Hanlon concedes Senate District 8 race after margin moves to Rankin’s favor
The close race for Colorado Senate District 8 is decided, and incumbent Republican Bob Rankin has won formal election to the seat that he was appointed to fill last year.
His challenger, Democrat Karl Hanlon, called Rankin Thursday morning to formally concede and offer congratulations.
“I got into this race to bring a new voice to rural Colorado and fight for working families on issues that matter to them,” Hanlon said in a message posted to his campaign Facebook page. “I’m really proud of the work my team has done to get us this far and all the supporters throughout the district who believed in a vision of change.
“While I wish the outcome had been different, I remained heartened by the tens of thousands of voters in Senate District 8 who made their voices heard,” Hanlon concluded.
With ballots still being counted Wednesday and early Thursday in the seven counties that make up SD 8, Rankin’s lead grew past the margin that would have triggered an automatic recount.
Vote tallies reported by the Colorado Secretary of State’s Office, as of just before 9:30 a.m. Thursday, gave Rankin 50.59% of the vote to Hanlon’s 49.41%, with 986 votes separating the two.
As of the Thursday morning report, Rankin had a total of 42,128 votes to Hanlon’s 41,142.
Rankin was not immediately available for comment on his win Thursday mid-morning. The Post Independent will update this story when we are able to reach him.
State law requires an automatic recount if the margin is within 0.5%. The margin between Rankin and Hanlon stands at 1.18% after the latest vote totals.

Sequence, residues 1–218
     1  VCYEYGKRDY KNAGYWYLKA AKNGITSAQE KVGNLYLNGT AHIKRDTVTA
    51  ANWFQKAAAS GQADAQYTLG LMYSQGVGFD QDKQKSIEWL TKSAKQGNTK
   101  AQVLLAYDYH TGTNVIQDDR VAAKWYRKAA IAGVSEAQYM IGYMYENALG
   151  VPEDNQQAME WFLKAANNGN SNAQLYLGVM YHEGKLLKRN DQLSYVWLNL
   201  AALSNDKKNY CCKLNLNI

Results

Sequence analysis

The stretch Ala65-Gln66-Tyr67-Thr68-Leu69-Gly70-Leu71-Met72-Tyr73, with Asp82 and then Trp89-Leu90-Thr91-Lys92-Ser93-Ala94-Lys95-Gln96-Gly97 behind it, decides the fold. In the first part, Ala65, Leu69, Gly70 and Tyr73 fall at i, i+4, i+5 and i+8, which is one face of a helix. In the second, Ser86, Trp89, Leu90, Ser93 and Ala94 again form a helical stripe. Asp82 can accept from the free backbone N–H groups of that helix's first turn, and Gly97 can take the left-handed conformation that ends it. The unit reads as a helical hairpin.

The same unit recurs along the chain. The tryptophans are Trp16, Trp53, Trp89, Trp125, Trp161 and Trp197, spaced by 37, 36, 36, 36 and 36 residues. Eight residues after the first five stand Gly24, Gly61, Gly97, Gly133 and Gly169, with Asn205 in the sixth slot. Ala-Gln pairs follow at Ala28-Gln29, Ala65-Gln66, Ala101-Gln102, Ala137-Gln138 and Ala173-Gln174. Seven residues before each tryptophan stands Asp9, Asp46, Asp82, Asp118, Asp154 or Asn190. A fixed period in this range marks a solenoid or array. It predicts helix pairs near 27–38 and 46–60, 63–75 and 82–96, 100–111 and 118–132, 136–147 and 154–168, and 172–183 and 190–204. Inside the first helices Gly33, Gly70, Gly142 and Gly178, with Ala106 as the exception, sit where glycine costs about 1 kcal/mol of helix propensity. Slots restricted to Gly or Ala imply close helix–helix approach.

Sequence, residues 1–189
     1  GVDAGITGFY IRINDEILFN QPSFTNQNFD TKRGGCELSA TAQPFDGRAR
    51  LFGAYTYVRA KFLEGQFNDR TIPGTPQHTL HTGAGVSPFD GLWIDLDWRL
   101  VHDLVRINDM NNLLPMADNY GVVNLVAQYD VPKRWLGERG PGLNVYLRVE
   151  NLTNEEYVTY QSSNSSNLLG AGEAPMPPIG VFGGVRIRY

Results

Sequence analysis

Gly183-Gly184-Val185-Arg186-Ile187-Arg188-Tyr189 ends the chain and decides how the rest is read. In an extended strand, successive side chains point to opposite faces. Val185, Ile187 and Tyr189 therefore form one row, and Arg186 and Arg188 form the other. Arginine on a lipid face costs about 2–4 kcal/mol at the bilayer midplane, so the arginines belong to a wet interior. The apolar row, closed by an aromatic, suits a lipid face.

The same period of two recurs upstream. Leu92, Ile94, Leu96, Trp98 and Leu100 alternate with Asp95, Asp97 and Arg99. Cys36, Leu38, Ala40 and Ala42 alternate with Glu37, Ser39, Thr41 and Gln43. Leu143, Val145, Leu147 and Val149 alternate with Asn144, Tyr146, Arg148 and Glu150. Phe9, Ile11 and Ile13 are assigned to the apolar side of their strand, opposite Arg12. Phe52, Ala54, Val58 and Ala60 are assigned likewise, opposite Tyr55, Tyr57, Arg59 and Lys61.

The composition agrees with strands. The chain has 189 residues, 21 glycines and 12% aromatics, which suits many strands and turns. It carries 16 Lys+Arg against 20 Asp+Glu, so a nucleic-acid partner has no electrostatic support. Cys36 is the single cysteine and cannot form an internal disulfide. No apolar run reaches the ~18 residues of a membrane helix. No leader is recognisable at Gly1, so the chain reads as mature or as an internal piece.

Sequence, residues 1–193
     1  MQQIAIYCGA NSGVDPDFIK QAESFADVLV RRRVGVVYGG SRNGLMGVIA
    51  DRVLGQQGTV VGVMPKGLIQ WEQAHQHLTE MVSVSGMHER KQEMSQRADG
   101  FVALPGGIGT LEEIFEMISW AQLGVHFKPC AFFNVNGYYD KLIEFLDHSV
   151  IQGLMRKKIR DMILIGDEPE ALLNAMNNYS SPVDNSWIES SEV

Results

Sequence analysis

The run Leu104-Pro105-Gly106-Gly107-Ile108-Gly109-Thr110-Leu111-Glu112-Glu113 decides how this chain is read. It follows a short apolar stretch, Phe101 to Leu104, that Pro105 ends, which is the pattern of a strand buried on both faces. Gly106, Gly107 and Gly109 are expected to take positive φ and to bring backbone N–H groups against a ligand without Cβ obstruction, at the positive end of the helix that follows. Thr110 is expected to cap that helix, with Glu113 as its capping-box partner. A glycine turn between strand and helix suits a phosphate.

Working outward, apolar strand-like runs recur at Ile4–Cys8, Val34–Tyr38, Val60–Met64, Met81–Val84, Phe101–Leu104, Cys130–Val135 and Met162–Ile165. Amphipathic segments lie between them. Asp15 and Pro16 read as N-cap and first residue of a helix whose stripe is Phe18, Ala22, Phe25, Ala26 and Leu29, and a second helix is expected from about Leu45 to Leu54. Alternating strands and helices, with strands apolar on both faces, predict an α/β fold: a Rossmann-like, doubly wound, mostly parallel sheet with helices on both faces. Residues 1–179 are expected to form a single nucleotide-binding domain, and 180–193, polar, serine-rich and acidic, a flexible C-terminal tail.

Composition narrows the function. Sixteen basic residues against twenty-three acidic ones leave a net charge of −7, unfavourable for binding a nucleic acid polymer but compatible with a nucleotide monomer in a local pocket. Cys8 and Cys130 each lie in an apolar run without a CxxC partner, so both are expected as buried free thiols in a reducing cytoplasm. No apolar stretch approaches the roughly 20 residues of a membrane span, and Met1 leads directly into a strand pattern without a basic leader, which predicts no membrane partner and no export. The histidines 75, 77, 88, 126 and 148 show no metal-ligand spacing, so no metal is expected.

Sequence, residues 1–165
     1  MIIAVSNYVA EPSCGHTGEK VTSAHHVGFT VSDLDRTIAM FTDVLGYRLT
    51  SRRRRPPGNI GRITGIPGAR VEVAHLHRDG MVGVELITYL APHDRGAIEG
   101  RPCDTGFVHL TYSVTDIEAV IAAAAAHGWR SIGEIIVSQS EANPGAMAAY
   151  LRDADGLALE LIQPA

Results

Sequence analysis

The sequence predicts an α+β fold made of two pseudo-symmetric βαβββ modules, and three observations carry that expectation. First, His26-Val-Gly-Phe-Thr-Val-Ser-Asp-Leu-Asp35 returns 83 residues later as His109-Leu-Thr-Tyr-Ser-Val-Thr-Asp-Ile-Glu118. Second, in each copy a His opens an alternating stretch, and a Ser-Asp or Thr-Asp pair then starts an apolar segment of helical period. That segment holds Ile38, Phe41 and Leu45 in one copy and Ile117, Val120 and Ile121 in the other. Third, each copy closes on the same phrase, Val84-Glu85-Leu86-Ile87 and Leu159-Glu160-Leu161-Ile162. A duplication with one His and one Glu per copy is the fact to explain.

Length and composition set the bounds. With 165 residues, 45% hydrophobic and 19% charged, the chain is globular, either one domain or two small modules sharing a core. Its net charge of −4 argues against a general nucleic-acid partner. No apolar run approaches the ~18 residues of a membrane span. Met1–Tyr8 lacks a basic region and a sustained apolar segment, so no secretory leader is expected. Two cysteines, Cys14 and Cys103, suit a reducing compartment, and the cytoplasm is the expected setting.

Senate District 8 includes Garfield, Moffat, Rio Blanco, Routt, Grand, Jackson and Summit counties.
“We knew it was going to be close, especially with 40% unaffiliated voters now in the district,” Rankin said late Wednesday afternoon. “We knew we had to get some of those votes to win.”
Rankin congratulated Hanlon on a “hard-fought campaign,” but decried some of the outside negative advertising directed at him.
“Karl and I had a civil campaign, but there were a lot of negative mailers, and that could have made a difference,” Rankin said of the close election.
Hanlon had taken the early lead Tuesday night based on returns from the mountain resort areas, but the race narrowed as returns came in from the more-conservative western parts of the district.
“This is a district that is really focused on the issues, and is trying to find a way to the candidate who can represent them on the issues that are really important to people,” Hanlon said on election night.
“I had always said when we talked about this race during the campaign that it would come down to a couple hundred votes,” Hanlon added in a follow-up interview on Wednesday.
Returns had Hanlon, from Carbondale, winning in Routt and Summit counties, while Rankin had the edge in Garfield, Rio Blanco, Moffat, Grand and Jackson counties.
Rankin, also from Carbondale, formerly served nine years in the state House of Representatives. He sought election to the SD 8 seat he was appointed to in January 2019, replacing disgraced former Sen. Randy Baumgardner who retired after sexual harassment allegations and a subsequent investigation.
Rankin defeated Debra Irvine of Breckenridge in the June Republican primary. He serves as the senior member of the Joint Budget Committee.
His wife, Joyce Rankin, won reelection Tuesday to the state Board of Education from Colorado’s Third District over Democrat Mayling Simpson of Steamboat Springs.
Hanlon is a municipal and special district government and water attorney, who currently serves as the contract city attorney for Glenwood Springs.
He and his wife, Sheryl Barto, run the Smiling Goat Ranch, which provides equine therapy services for autistic children and veterans with PTSD.
Hanlon ran for the 3rd Congressional District seat in 2018, losing in the primary to Diane Mitsch Bush. He won this year’s primary for the state senate seat over Democrat Arn Menconi of Eagle.
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